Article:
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Chicago’s South Side: Connections Between Urban Intellectual History and the History of Higher Education

October 18, 2006

I hadn’t seen this before today, but the University of Chicago Press published a book on Chicago’s South Side in 2004. Authored by Robin F. Bachin and titled Building the South Side: Urban Space and Civic Culture in Chicago 1890-1919, the book approaches Chicago’s urban development as a spatial/metropolitan phenomenon – continuing a trend that began with Michael Ebner’s Creating Chicago’s North Shore: A Suburban History (1989). The assumption here is that Chicago is too massive and varied to be treated as a single urban entity in terms of its developmental history. Leslie Wilson of Montclair State University reviewed Bachin’s book for H-Net in August of this year.

I haven’t read Bachin’s book, but what interested me most about it, based on Wilson’s review, was the emphasis on the University of Chicago in Building the South Side. If I understand the book correctly, Bachin centers the story of the South Side’s development on the revival of the University of Chicago in 1892. Rather than focusing on the 1892 Columbian Exposition, Bachin makes the university an intellectual and spiritual core of the South Side’s turn-of-the-century development. The university’s Progressive Era figures, such as John Dewey and members of its famed sociology school, made manifest the spiritual aspect the area’s development by reaching out to the poor, taking control of social welfare, and generally applying the institution’s intellectual power to the era’s problems.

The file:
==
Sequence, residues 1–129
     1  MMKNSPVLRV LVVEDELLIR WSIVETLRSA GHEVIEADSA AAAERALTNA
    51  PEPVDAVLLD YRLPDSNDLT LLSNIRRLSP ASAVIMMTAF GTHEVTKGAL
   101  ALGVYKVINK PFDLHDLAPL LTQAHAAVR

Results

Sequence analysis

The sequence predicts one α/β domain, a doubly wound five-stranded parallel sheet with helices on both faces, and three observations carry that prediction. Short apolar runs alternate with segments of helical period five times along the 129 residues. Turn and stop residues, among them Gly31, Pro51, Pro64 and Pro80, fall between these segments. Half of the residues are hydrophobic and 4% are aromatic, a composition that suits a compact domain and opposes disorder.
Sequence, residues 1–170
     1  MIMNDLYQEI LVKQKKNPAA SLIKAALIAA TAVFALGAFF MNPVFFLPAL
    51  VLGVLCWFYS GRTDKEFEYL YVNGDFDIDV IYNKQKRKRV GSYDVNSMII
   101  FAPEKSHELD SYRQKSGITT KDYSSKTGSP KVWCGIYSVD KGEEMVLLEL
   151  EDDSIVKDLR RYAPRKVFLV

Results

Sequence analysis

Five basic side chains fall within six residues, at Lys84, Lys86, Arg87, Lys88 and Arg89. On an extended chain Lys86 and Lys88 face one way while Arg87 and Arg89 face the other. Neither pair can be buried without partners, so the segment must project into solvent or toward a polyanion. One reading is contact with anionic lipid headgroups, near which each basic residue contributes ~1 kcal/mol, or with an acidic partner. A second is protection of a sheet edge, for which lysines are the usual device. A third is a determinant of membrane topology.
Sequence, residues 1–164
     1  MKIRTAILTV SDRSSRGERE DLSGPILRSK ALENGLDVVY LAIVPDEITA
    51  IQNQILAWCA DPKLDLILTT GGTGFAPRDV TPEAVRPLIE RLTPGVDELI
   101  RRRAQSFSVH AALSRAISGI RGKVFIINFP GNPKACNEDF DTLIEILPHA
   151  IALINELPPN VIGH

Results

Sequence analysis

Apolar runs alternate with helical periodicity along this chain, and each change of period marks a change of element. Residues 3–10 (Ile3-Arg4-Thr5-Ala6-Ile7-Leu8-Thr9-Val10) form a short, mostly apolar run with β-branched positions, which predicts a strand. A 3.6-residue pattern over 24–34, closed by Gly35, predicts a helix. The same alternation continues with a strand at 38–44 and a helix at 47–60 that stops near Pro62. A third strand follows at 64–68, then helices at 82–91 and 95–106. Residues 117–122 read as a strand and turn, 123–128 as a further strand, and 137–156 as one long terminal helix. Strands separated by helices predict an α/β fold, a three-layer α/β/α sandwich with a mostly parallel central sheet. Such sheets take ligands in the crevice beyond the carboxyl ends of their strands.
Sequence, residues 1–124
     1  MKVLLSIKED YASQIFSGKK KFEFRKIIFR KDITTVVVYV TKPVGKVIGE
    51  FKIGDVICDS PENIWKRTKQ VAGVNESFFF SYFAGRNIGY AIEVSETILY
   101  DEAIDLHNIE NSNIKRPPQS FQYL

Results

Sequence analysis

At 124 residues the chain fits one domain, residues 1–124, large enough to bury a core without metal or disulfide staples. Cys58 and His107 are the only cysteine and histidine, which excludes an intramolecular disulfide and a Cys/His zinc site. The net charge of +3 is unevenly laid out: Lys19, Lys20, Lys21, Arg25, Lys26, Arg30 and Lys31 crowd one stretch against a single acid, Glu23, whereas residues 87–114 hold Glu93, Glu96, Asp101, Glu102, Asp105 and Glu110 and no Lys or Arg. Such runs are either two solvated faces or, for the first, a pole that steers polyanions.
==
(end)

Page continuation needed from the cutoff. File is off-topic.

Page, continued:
Recently I wrote an encyclopedia piece on urban universities. In that entry, I had a paragraph on Chicago but de-emphasized the University of Chicago in favor of talking about the University of Illinois at Chicago (UIC). To me, the University of Chicago seemed a kind of anomaly, a freakishly intellectual oddity plopped down – or imposed – on the city. Even though I knew it played a part in Chicago’s Progressive movement, I did not see it as an organic part of the city’s development, and not hence a truly urban higher education institution. I saw the University’s involvement in the Progressive Era as symptomatic of technocrat Progressives condescending to assert their Protestant, Social Gospel-inspired wills on the moral ills of the city. Of course I understand the Progressives included in a number of sincere human beings, truly concerned with their neighbors’ well-being, but I just did not see the University of Chicago version of that group as integrated into the urban scene.

After writing the urban higher education piece, I was plagued with intellectual guilt because of questions left unanswered. Seeing the holes in my preceding paragraph’s reflections has renewed that guilt. Namely, what exactly is an urban university? Is it simply a matter of geography – of place – or is it defined by an intellectual connection with its surroundings? What should that institution’s relationship be with its urban environs? Should the institution be celebrated or embraced by its city and surrounding neighborhood? What if it’s reviled by the anti-intellectual set in America’s history? Can an “ivory tower” truly exist as a disconnected entity in its urban setting? – TL

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